.1.2 Weather reporting

Is one of the best examples, especially on radio where, in its specialized form, it is reduced to its bare essentials, as a restricted language. The names of the Meteorological Office sea areas surrounding the British Isles provide British English with some of the most distinctive weather-forecasting lexicon. Along the well-known areas such as Irish Sea, Plymouth, Portland, Thames, there exist a great deal of new coinages applied to meteorological regions, for example, Viking, Cromarty, Dogger, Forties ( in the east), Shannon, Rock all, Bailey (in the west), or even more confusing phrases North Utsire and South Utsire (the western parts of the Scandinavian Peninsula). Most people know at least some of the names by heart, though few could locate more than a handful with any accuracy. Two contrasting styles informal and conversational or formal and formulaic are used on BBC Radio in weather forecasting. A successful weather forecast is a mixture of fluent spontaneity, controlled informality and friendly authority. The fluency is partly a matter of careful preparation, but is largely achieved through the broadcaster is ability to rely on formulaic phrasing (with light winds and largely clear skies, blue skies and sunshine, widespread frost) and on standard sequences of locations. The number of likely weather situations is really quite limited in a particular region, and certain combinations of features frequently recur.conversational tone may be achieved through the use of: informal lexicon (take a tumble, just a chance, odd rogue shower); everyday turns of phrase which ordinary people use about the weather (become a little bit quieter, turn colder) fuzzy expressions (more or less, round about); contracted verbs (its, that is, we`ll); colloquial sentence connection (anyhow, in actual fact). At the same time, the scientific element in the weather forecast message is evident in the numerical underpinning (eight degrees, minus one or minus two) and the reference to notions which are generally not found in the speech of the amateur (icy patches on untreated roads, well broken cloud, south-westerly wind).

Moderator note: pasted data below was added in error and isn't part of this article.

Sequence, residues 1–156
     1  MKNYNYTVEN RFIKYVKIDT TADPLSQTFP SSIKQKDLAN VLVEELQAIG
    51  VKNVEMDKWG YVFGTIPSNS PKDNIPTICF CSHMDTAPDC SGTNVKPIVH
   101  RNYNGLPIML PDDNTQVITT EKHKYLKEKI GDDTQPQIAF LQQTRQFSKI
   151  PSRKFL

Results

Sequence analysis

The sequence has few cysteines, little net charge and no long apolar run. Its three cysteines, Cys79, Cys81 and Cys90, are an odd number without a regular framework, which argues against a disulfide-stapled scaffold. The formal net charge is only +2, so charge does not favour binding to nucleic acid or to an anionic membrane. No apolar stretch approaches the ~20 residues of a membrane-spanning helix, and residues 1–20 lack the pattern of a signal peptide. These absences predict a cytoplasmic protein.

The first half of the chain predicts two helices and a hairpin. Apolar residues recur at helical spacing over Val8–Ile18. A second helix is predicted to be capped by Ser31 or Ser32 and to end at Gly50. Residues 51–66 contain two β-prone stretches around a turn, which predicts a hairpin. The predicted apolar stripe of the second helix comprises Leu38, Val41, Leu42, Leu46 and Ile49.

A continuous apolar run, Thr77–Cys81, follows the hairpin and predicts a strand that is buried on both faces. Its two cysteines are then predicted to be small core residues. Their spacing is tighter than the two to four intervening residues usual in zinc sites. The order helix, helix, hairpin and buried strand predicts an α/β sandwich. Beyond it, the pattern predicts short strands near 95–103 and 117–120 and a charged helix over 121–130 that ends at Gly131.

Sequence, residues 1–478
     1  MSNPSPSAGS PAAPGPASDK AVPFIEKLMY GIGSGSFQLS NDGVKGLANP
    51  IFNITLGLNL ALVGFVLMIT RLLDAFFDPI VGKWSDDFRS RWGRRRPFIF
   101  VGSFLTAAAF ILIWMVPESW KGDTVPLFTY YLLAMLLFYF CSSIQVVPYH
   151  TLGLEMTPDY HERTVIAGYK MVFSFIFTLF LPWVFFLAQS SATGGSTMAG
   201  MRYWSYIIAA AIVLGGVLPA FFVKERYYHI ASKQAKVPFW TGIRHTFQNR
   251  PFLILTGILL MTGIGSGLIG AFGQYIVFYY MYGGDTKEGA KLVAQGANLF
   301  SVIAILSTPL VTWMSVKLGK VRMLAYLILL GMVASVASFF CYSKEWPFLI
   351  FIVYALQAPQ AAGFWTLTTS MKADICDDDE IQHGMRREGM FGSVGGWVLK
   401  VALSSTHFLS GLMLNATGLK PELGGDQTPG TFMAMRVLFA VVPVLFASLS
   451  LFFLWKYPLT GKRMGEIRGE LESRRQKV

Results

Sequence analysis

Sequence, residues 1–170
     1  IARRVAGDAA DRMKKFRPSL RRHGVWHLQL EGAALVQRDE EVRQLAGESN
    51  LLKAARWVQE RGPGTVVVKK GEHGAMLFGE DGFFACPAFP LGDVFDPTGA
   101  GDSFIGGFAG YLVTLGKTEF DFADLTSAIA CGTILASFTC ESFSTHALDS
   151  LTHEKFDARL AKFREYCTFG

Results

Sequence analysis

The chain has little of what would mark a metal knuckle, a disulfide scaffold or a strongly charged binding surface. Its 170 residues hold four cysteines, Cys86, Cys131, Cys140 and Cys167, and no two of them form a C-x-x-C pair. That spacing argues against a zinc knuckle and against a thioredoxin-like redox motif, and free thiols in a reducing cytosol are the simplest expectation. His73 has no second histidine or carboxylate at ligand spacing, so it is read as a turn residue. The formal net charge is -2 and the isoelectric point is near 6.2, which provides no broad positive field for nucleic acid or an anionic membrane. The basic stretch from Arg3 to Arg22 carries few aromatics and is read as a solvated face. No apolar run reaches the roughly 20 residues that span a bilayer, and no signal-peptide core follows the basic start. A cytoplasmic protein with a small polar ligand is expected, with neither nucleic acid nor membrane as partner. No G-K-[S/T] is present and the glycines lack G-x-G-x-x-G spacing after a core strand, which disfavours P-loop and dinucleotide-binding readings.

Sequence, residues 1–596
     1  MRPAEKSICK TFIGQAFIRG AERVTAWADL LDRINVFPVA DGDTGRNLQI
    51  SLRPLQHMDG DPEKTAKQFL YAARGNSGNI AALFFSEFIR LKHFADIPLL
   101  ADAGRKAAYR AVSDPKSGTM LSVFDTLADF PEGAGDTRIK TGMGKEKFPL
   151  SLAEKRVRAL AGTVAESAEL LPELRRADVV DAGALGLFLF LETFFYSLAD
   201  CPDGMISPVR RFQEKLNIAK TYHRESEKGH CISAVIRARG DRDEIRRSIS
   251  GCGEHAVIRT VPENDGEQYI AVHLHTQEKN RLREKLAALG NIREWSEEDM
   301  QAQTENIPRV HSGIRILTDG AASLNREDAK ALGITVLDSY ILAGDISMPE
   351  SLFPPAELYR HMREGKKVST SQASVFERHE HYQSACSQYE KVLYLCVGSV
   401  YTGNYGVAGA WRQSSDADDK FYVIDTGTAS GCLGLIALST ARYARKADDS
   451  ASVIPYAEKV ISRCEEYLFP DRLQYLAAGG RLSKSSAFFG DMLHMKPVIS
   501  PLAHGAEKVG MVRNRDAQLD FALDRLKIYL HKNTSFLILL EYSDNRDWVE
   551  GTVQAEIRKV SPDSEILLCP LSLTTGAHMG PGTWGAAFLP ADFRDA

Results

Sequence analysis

.1.3 Commentary

Is one of the most distinctive of all uses of English. Its roles extend well beyond broadcasting. It will be heard in such varied contexts as fashion shows, race-course meetings, and cookery demonstrations. Within broadcasting the use of commentary extends beyond sporting occasions. It will be heard accompanying such public events as inaugurations, funerals and other processions.the most frequent kinds of commentary are those associated with sports and games. Here, two elements need to be distinguished: the play-by-play commentary, and the colour-added commentary. The latter is important, for it provides an audience with pre-event background, post-event evaluation, and within-event interpretation. But there is little to be said about it stylistically: it is conversational in style, a